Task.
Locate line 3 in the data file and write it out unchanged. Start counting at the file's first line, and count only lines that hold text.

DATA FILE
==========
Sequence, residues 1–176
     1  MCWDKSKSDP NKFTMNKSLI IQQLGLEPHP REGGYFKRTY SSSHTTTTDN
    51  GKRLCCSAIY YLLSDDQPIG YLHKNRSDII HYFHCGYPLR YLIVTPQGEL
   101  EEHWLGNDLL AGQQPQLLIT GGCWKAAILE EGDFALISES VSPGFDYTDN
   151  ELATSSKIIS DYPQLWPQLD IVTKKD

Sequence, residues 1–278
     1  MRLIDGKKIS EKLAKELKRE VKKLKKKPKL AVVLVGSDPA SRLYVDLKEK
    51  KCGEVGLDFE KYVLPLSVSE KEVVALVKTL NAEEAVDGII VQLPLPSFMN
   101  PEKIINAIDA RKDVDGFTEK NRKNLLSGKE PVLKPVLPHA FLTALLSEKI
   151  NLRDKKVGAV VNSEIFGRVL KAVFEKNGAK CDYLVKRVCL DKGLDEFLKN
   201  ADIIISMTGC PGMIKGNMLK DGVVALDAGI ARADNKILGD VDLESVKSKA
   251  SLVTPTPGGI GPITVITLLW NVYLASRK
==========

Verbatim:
    51  GKRLCCSAIY YLLSDDQPIG YLHKNRSDII HYFHCGYPLR YLIVTPQGEL